Since elevation is preserved in Bell’s phenomenon, DVD or under anaesthesia, several authors believe it to be a supranuclear disorder. Others discuss it to be a fascicular lesion. Long lasting palsy of superior rectus alone may impede elevation in adduction, thus nuclear origin of superior rectus may be a factor. Even primary fibrotic origin is presumed in cases showing resistance to forced duction test.

Thus supranuclear, nuclear, fascicular and muscular causes are discussed for double elevator palsy.

Cerebrovascular diseases such as hypertension, thromboembolism, and arteritis usually cause acquired cases. Other causes of double elevator palsy include

  • Infectious disease
  • Tumours
  • Sarcoidosis

 

Diagnosis depends upon history and clinical examination.

 

History

In congenital MED, history of onset of symptoms and its association with other features is important. The presence of associated amblyopia points to congenital aetiology.

In acquired MED, history of associated neurological features (ataxia, vertigo, tinnitus, loss of consciousness) is important. History of malignancy or cardiovascular disorder is also important.

 

Clinical examination

Clinical examination distinguishes between MED due to primary superior rectus palsy, any cause of supranuclear superior rectus weakness, or primary/secondary inferior rectus restriction.

Primary superior rectus palsy or paresis: It is characterised by a forced duction test showing no restriction to full upward rotation. Bell’s phenomenon is not present.

Supranuclear superior rectus weakness: This is usually congenital and is characterised by monocular absence of vertical eye movements in superior field of gaze. There is no resistance to upward gaze in forced duction test. Bell’s phenomenon is present.

Patients with primary inferior rectus restriction or fibrosis: This group of patients often do not have hypotropia in primary gaze. Forced duction test shows restriction to upward rotation because of inferior rectus restriction. Superior rectus palsy or supranuclear disorders may produce secondary contracture in inferior rectus. Hypotropia and ptosis are usually present. Forced duction test shows inferior rectus restriction.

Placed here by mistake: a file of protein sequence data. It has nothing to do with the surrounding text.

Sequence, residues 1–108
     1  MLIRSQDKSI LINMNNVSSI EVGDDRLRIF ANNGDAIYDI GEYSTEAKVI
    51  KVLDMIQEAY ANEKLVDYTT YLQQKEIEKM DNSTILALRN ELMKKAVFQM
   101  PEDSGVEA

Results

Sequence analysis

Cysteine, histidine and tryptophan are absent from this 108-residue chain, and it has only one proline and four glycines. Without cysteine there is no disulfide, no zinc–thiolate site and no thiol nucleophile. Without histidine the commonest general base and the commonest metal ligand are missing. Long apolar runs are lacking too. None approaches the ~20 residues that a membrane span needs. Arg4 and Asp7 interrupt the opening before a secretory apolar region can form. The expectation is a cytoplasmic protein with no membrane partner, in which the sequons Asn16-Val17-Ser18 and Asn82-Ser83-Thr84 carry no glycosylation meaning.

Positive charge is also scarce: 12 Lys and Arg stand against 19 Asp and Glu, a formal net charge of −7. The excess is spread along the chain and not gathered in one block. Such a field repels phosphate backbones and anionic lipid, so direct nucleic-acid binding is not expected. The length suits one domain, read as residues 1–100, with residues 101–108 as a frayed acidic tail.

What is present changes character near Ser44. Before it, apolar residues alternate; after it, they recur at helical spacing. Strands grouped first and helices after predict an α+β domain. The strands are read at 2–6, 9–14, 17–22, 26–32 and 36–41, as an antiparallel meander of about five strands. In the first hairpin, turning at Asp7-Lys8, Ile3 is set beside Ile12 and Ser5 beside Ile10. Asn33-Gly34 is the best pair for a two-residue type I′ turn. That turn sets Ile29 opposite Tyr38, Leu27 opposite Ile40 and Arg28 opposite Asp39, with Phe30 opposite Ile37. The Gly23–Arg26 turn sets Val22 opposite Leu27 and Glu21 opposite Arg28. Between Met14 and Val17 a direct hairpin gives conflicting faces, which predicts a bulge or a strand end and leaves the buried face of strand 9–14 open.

Congenital MED

  • Eyes: Classically MED present with unilateral limitation of upgaze above horizontal midline with accompanying ptosis. Limitation in upgaze is same whether in adduction or abduction. The affected eye is hypotropic. Ptosis is most noticeable when the nonparetic eye fixes and the paretic eye is hypotropic. Pseudoptosis occurs when the eyelid is passively drawn down in hypotropic eye. It resolves when paretic eye takes up fixation. True ptosis does not resolve when paretic eye takes up fixation. In cases with associated ptosis and pseudoptosis together, ptosis improves in part when the paretic eye takes up fixation in primary position.
  • Head posture: Depending upon degree of binocularity and fixation preference, variable head postures are observed in MED. A patient with hypotropia and having some degree of fusion, usually tilts head back in chin up position to maintain binocularity. Cases with no hypotropia or hypotropic eye is also amblyopic, adopts a normal head posture. Rarely, patient may fixate with affected eye, producing large secondary hypertropia in the nonparetic eye.

 

Acquired MED

  • Eyes: It is characterised by acute onset of diplopia in both primary position and upward gaze. Limitation of upgaze is same in both adduction and abduction. Ptosis is usually absent. There may be associated abnormalities of pupil, paresis in downgaze, and convergence weakness. Bell’s phenomenon is usually present unless it is affected by secondary restriction of inferior rectus muscle.
  • Head position: Often patient assumes chin up position to maintain binocularity and thus decreasing diplopia.